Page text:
China and Papua New Guinea signed a Memorandum of Understanding (MOU) for cooperation on the Belt and Road Initiative (BRI) in June 2018. The country is the first among countries in the Pacific region to join the BRI.
Papua New Guinea, island country in the southwestern Pacific Ocean. It encompasses the eastern half of New Guinea, the world’s second largest island (the western half is made up of the Indonesian provinces of Papua and West Papua); the Bismarck Archipelago (New Britain, New Ireland, the Admiralty Islands, and several others); Bougainville and Buka (part of the Solomon Islands chain); and small offshore islands and atolls. The national capital, Port Moresby, is located in southeastern New Guinea on the Coral Sea.
Papua New Guinea stretches from just south of the Equator to the Torres Strait, which separates New Guinea from Cape York Peninsula to the south, the northernmost extension of Australia. Mainland Papua New Guinea reaches its maximum north-south expanse of some 510 miles (820 km) along its western border with Indonesian Papua. Almost completely straight, the boundary is formed primarily by the line of longitude 141° E and curves only briefly westward to follow the Fly River for approximately 50 miles (80 km), starting just southwest of Kiunga.
Papua New Guinea’s social composition is extremely complex, although most people are classified as Melanesian. Very small minorities of Micronesian and Polynesian societies can be found on some of the outlying islands and atolls, and as in the eastern and northern Pacific these people have political structures headed by chiefs, a system seldom found among the Melanesian peoples of Papua New Guinea.
The non-Melanesian portion of the population, including expatriates and immigrants, is small. At independence in 1975 the expatriate community of about 50,000 was predominantly Australian, with perhaps 10,000 people of Chinese origin whose ancestors had arrived before World War I. By the early 21st century most of those people had moved to Australia. The foreign-born community had not expanded but had become more mixed, with only some 7,000 Australians; the largest non-Western groups were from China and the Philippines. The government sponsored the immigration of Filipinos in the 1970s to provide workers in skilled professions, and many entered business and intermarried locally.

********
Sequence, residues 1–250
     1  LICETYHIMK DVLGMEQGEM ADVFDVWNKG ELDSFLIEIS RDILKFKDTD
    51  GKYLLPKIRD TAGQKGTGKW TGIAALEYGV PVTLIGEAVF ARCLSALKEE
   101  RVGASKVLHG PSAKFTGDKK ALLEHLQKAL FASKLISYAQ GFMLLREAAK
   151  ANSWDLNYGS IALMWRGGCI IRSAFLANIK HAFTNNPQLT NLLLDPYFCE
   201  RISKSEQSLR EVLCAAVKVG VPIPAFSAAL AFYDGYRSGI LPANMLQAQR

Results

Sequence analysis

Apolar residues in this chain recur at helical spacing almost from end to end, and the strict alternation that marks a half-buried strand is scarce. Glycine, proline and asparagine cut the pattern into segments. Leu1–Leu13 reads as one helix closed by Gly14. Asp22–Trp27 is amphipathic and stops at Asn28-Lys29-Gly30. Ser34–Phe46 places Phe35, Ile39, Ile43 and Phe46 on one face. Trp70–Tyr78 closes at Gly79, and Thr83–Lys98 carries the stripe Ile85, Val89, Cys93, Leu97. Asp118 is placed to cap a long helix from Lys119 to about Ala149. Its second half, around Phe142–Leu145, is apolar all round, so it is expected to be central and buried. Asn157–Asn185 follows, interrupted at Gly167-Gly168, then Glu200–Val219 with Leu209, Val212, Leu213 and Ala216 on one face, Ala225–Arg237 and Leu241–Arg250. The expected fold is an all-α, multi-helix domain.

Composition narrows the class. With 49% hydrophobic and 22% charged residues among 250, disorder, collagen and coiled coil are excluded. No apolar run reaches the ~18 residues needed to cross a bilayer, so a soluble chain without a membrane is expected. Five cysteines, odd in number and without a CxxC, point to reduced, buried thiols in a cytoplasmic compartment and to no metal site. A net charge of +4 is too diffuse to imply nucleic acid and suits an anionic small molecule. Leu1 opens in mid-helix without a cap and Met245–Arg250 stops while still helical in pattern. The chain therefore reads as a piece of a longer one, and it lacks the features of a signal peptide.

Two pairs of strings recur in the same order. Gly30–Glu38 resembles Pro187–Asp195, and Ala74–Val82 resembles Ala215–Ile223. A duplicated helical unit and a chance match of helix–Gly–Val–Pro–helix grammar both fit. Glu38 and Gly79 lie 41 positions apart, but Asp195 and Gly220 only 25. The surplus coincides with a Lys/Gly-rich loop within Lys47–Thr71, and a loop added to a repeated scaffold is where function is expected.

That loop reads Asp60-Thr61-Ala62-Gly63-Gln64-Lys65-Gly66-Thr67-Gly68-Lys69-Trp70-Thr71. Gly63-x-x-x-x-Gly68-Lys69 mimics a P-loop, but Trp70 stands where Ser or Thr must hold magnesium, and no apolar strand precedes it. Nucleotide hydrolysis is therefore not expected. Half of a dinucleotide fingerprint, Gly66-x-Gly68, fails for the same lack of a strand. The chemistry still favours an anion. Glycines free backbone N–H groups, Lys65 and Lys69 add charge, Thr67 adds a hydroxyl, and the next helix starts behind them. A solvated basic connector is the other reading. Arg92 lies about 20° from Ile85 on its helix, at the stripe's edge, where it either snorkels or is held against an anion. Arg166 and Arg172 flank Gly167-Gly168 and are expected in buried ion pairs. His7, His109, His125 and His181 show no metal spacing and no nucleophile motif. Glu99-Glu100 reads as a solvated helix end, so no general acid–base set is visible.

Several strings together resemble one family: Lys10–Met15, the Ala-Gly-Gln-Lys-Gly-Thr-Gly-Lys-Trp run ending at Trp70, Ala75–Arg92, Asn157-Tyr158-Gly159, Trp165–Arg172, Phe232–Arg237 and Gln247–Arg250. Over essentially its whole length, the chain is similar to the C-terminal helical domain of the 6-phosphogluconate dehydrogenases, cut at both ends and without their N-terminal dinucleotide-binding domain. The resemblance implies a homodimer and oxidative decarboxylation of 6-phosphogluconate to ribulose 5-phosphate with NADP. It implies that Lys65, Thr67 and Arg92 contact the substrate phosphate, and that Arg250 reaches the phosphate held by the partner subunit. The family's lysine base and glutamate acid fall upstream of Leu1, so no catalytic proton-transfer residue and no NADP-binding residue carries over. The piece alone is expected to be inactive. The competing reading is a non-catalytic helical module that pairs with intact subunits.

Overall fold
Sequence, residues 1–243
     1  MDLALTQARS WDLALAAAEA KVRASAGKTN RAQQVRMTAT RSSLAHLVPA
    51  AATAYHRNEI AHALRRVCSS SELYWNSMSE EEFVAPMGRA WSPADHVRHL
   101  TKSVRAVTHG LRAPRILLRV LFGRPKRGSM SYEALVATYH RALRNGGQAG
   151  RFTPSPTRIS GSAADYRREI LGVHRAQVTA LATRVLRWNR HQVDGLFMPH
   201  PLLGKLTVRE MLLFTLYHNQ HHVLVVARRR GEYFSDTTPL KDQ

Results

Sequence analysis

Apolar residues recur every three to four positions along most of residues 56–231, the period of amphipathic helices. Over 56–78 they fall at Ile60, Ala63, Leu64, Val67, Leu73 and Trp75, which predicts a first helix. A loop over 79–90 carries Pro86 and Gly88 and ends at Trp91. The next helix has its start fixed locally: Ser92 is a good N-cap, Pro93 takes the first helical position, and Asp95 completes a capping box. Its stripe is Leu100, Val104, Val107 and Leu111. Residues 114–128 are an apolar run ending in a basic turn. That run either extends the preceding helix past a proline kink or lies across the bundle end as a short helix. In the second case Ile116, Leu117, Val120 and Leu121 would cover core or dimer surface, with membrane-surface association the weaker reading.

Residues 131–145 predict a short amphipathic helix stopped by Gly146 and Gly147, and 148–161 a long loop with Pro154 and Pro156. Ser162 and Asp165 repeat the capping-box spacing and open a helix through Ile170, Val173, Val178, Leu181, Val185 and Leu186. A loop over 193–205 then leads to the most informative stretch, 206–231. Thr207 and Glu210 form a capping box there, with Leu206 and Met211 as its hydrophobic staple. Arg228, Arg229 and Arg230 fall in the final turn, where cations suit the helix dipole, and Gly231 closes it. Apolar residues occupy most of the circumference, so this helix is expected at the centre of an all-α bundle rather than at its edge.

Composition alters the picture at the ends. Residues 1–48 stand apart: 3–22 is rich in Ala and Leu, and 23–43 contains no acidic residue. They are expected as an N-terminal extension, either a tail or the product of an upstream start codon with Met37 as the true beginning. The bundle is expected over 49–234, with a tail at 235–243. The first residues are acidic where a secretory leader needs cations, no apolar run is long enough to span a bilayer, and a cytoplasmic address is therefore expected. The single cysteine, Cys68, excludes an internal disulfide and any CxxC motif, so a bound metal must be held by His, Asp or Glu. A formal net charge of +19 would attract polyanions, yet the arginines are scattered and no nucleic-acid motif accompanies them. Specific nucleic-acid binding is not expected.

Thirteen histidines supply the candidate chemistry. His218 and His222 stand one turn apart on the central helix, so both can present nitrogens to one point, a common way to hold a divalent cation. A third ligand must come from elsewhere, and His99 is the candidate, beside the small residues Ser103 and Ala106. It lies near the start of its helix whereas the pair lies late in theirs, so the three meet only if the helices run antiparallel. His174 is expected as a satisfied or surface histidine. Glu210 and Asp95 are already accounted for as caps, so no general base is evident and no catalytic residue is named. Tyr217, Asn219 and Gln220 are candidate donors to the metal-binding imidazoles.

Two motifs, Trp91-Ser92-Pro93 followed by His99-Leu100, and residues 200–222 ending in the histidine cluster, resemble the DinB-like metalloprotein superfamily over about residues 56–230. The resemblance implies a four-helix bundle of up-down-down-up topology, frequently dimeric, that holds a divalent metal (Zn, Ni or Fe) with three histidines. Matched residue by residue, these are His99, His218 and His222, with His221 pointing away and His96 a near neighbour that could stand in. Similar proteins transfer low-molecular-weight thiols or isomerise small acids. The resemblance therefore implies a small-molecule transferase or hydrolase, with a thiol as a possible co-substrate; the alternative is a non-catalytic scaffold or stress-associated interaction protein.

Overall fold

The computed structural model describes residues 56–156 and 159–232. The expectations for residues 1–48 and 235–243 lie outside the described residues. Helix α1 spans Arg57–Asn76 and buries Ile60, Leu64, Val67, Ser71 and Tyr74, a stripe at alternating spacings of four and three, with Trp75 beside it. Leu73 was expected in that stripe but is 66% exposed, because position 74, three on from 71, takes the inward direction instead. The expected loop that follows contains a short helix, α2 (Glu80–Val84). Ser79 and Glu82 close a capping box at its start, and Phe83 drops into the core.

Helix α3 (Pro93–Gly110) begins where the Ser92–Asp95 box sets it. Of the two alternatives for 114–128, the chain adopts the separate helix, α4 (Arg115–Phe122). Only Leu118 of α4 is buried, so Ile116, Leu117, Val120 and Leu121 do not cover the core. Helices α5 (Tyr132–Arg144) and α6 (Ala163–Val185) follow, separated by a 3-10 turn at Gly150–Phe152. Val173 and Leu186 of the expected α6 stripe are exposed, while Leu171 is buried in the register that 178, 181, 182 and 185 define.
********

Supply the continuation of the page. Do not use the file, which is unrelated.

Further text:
The official languages of the country all reflect its colonial history. English is the main language of government and commerce. In most everyday contexts the most widely spoken language is Tok Pisin (“Pidgin Language”; also called Melanesian Pidgin or Neo-Melanesian), a creole combining grammatical elements of indigenous languages, some German, and, increasingly, English. Hiri Motu is a simplified trading language originally used by the people who lived around what is now Port Moresby when it came under that name in 1884.
Agriculture, forestry, and fishing
Agricultural production, most of it from subsistence farming, accounts for about one-third of the country’s gross domestic product. In the archipelagoes of the north and northeast, yams, taro, and bananas are grown as staple foods. These were formerly also the staple foods for Highlanders, who now mostly rely on sweet potatoes known as kau kau. Throughout much of the Highlands, carefully tended gardens dominate the landscape; some are arrayed in checkerboard patterns defined by drainage ditches, and others are circular mounds built on compost to warm and enrich the soil.